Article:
Wonderfully written, I still can't decide whether I like “The Portrait of an Invisible Man” or “Book of Memories” better. The book overall is a series of contemplations over life, solitude and death. Surprisingly, reading it coincided with the death of a dear friend of mine which really put me to thought.
“The Portrait...” is the story of the author’s father whose unexpected death makes him reflect and go through his faded presence in Auster’s life. On the other hand “The Book of...” is a very we
Hala Alzaghal
Jan 04, 2019 rated it really liked it  ·  review of another edition
I would have given it the five stars had there not been the second part. For me, it just kind of ruined the vibe of the first. The first part is haunting, scary, unbelievably true for everyone. It made me think twice about presence all together. But I wonder, if his father had not died, would he have written something this invading about him? If he believed that his father could come back and read it, would it be the same? Reading the truth hurts so much more than living your whole life avoiding ...more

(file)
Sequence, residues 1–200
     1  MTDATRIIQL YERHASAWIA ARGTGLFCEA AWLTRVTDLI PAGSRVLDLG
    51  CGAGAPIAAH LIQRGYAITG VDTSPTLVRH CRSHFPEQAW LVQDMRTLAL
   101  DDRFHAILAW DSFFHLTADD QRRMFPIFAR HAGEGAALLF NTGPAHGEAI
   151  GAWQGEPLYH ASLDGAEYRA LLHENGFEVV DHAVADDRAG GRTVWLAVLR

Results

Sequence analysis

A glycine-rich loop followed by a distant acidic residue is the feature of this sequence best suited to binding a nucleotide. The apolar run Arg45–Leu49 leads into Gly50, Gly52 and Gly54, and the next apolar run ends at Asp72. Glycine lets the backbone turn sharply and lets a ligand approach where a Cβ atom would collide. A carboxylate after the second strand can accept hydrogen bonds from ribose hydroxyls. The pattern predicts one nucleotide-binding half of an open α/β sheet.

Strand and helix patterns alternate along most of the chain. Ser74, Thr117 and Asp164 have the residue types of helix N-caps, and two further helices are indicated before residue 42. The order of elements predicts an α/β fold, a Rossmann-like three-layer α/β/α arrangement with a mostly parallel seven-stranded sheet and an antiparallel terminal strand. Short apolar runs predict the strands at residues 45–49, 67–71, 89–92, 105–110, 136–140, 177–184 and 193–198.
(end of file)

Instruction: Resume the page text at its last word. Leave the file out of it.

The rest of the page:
Liliana Sousa
It was. It will never be again. Remember.
Abdulkhalek Zohbi
The idea of how his father affected his life and how the story of his father affected his life too ...
Saleem Khashan
I have listened to Auster before this is the first reading. The first half is very emotional portrayal of how much we and our father's are similar but mostly never have the chance to enjoy this similarities while we can because....